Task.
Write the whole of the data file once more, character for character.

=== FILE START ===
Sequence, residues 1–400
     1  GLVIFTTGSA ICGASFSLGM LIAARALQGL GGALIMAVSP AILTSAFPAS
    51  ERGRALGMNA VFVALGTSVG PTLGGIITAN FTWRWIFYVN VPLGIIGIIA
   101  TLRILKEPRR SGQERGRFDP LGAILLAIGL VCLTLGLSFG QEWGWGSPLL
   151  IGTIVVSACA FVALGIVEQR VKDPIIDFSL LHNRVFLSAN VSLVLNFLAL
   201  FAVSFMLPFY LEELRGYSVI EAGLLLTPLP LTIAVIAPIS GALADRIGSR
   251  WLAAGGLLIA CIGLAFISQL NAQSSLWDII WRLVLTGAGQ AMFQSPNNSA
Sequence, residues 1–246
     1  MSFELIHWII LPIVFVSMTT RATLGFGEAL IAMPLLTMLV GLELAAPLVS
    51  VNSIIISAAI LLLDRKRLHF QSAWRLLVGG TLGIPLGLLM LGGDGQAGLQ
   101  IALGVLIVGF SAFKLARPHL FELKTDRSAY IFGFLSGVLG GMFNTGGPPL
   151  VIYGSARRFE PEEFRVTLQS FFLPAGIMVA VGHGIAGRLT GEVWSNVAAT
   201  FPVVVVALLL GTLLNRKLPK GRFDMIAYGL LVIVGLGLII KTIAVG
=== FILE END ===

Sequence, residues 1–400
     1  GLVIFTTGSA ICGASFSLGM LIAARALQGL GGALIMAVSP AILTSAFPAS
    51  ERGRALGMNA VFVALGTSVG PTLGGIITAN FTWRWIFYVN VPLGIIGIIA
   101  TLRILKEPRR SGQERGRFDP LGAILLAIGL VCLTLGLSFG QEWGWGSPLL
   151  IGTIVVSACA FVALGIVEQR VKDPIIDFSL LHNRVFLSAN VSLVLNFLAL
   201  FAVSFMLPFY LEELRGYSVI EAGLLLTPLP LTIAVIAPIS GALADRIGSR
   251  WLAAGGLLIA CIGLAFISQL NAQSSLWDII WRLVLTGAGQ AMFQSPNNSA
Sequence, residues 1–246
     1  MSFELIHWII LPIVFVSMTT RATLGFGEAL IAMPLLTMLV GLELAAPLVS
    51  VNSIIISAAI LLLDRKRLHF QSAWRLLVGG TLGIPLGLLM LGGDGQAGLQ
   101  IALGVLIVGF SAFKLARPHL FELKTDRSAY IFGFLSGVLG GMFNTGGPPL
   151  VIYGSARRFE PEEFRVTLQS FFLPAGIMVA VGHGIAGRLT GEVWSNVAAT
   201  FPVVVVALLL GTLLNRKLPK GRFDMIAYGL LVIVGLGLII KTIAVG